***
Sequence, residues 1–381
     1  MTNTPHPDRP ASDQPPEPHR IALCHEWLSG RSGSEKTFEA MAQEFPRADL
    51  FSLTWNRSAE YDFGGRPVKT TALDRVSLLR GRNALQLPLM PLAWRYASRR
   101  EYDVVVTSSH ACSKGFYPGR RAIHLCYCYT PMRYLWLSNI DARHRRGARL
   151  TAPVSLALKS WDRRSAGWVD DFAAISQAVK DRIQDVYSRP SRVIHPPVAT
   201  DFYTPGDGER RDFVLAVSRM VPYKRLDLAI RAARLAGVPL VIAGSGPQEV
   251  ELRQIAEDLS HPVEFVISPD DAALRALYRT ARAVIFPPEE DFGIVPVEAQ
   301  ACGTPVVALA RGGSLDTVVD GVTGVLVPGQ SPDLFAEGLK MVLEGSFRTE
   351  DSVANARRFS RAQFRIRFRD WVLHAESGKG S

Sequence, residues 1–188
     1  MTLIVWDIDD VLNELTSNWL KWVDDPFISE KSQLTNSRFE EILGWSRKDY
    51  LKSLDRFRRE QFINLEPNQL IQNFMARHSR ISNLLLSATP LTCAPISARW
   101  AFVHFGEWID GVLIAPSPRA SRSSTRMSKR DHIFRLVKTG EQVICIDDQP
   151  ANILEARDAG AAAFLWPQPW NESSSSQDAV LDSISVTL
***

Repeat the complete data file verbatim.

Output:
Sequence, residues 1–381
     1  MTNTPHPDRP ASDQPPEPHR IALCHEWLSG RSGSEKTFEA MAQEFPRADL
    51  FSLTWNRSAE YDFGGRPVKT TALDRVSLLR GRNALQLPLM PLAWRYASRR
   101  EYDVVVTSSH ACSKGFYPGR RAIHLCYCYT PMRYLWLSNI DARHRRGARL
   151  TAPVSLALKS WDRRSAGWVD DFAAISQAVK DRIQDVYSRP SRVIHPPVAT
   201  DFYTPGDGER RDFVLAVSRM VPYKRLDLAI RAARLAGVPL VIAGSGPQEV
   251  ELRQIAEDLS HPVEFVISPD DAALRALYRT ARAVIFPPEE DFGIVPVEAQ
   301  ACGTPVVALA RGGSLDTVVD GVTGVLVPGQ SPDLFAEGLK MVLEGSFRTE
   351  DSVANARRFS RAQFRIRFRD WVLHAESGKG S

Sequence, residues 1–188
     1  MTLIVWDIDD VLNELTSNWL KWVDDPFISE KSQLTNSRFE EILGWSRKDY
    51  LKSLDRFRRE QFINLEPNQL IQNFMARHSR ISNLLLSATP LTCAPISARW
   101  AFVHFGEWID GVLIAPSPRA SRSSTRMSKR DHIFRLVKTG EQVICIDDQP
   151  ANILEARDAG AAAFLWPQPW NESSSSQDAV LDSISVTL